Labor Day statement: Reflection, action ‘critical’ for care of workers
By Mark Pattison Catholic News Service
WASHINGTON — “Individual reflection and action is critical” when it comes to improving the conditions of workers in the United States and elsewhere, said Archbishop Thomas G. Wenski of Miami, chairman of the U.S. bishops’ Committee on Domestic Justice and Human Development, in the U.S. bishops’ annual Labor Day statement.
“We are in need of a profound conversion of heart at all levels of our lives. Let us examine our choices,” Archbishop Wenski said in the statement, dated Labor Day Sept. 7, but issued Aug. 24 in Washington.
“How do we participate in this wounding of human dignity,” he asked, through choices about the clothes we wear, food we eat, and things we buy — most of which is unaffordable to the very workers who make it? Do we give a thought to this truth, that for our wants to be met, economic realities are created that cause others to live in ways that we ourselves would not?”
Still, “individual effort should not stand alone.” Archbishop Wenski said. “Sufficient decent work that honors dignity and families is a necessary component of the task before us, and it is the Catholic way.”
He added, “In demanding a living wage for workers we give hope to those struggling to provide for their families, as well as young workers who hope to have families of their own someday. Unions and worker associations, as with all human institutions, are imperfect, yet they remain indispensable to this work, and they can exemplify the importance of subsidiarity and solidarity in action.”
Archbishop Wenski used as the basis for his remarks Pope Francis’ encyclical “Laudato Si’, on Care for Our Common Home,” quoting from it to illustrate his points.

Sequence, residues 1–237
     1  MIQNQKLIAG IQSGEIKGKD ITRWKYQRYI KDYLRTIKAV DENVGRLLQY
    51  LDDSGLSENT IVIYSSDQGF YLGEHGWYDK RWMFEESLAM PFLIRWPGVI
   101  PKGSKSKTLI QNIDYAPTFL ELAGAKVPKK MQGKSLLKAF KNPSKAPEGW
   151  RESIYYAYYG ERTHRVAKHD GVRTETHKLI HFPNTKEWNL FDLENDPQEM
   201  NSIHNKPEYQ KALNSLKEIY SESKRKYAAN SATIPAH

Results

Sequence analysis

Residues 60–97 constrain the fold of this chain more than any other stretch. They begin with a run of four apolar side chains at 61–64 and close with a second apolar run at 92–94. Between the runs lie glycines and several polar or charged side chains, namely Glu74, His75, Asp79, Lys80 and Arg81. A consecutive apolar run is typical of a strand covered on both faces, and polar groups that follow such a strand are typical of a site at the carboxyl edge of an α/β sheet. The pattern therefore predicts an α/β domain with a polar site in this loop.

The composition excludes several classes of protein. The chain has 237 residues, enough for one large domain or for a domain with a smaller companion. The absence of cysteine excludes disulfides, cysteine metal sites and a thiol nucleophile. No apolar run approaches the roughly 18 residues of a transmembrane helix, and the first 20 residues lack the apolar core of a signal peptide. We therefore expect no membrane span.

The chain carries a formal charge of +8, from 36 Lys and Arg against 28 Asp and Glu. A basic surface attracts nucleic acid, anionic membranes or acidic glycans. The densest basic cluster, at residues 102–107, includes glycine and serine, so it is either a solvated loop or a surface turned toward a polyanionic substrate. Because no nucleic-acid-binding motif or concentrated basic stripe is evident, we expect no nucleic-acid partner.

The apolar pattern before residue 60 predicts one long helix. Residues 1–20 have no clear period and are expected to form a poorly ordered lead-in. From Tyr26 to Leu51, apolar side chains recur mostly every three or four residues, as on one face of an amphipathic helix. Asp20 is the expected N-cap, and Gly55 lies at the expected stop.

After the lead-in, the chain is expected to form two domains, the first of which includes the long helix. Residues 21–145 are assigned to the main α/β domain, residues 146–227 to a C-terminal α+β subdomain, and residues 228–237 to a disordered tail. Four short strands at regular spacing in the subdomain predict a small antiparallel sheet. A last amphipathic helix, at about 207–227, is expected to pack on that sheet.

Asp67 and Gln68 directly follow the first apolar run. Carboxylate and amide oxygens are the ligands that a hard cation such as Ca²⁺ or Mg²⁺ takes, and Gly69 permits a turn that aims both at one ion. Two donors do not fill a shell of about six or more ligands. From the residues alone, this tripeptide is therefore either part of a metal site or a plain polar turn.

While Pope Francis’ encyclical has been regarded as an encyclical on the environment, the pope said in it, “The analysis of environmental problems cannot be separated from the analysis of human, family, work-related and urban contexts, nor from how individuals relate to themselves, which leads in turn to how they relate to others.”
“Not long ago, jobs, wages, and the economy were on everyone’s mind. Unemployment, poverty and foreclosures soared as Americans worried, rightly, if we could ever recover. Even with some economic progress, things have not truly improved for most American families. We must not resign ourselves to a ‘new normal’ with an economy that does not provide stable work at a living wage for too many men and women,” Archbishop Wenski said.
“The poverty rate remains painfully high. The unemployment rate has declined, yet much of that is due to people simply giving up looking for a job, not because they have found full-time work. The majority of jobs provide little in the way of sufficient wages, retirement benefits, stability, or family security, and too many families are stringing together part-time jobs to pay the bills. Opportunities for younger workers are in serious decline.”
“Work is a necessity, part of the meaning of life on this earth, a path to growth, human development and personal fulfillment,” Pope Francis said in his encyclical.
Yet in the United States, according to Archbishop Wenski, “too many marriages bear the crushing weight of unpredictable schedules from multiple jobs, which make impossible adequate time for nurturing children, faith and community. Wage stagnation has increased pressures on families, as the costs of food, housing, transportation and education continue to pile up. Couples intentionally delay marriage, as unemployment and substandard work make a vision of stable family life difficult to see.”
The archbishop said, “Labor is one important way we honor our brothers and sisters in God’s universal human family. In the creation story, God gives us labor as a gateway into participation with him in the ongoing unfolding of creation.” Quoting Pope Francis, he added, “Human labor, at its best, is a deeply holy thing that ought to honor our dignity as we help God ‘maintain the fabric of the world.'”
“This Labor Day, the violation of human dignity is evident in exploited workers, trafficked women and children and a broken immigration system that fails people and families desperate for decent work and a better life,” Archbishop Wenski said. “How can we advance God’s work, in the words of the Psalmist, as he ‘secures justice for the oppressed, gives food to the hungry, (and) sets captives free”? These are difficult questions to ask, yet we must ask them.”
Posted August 24, 2015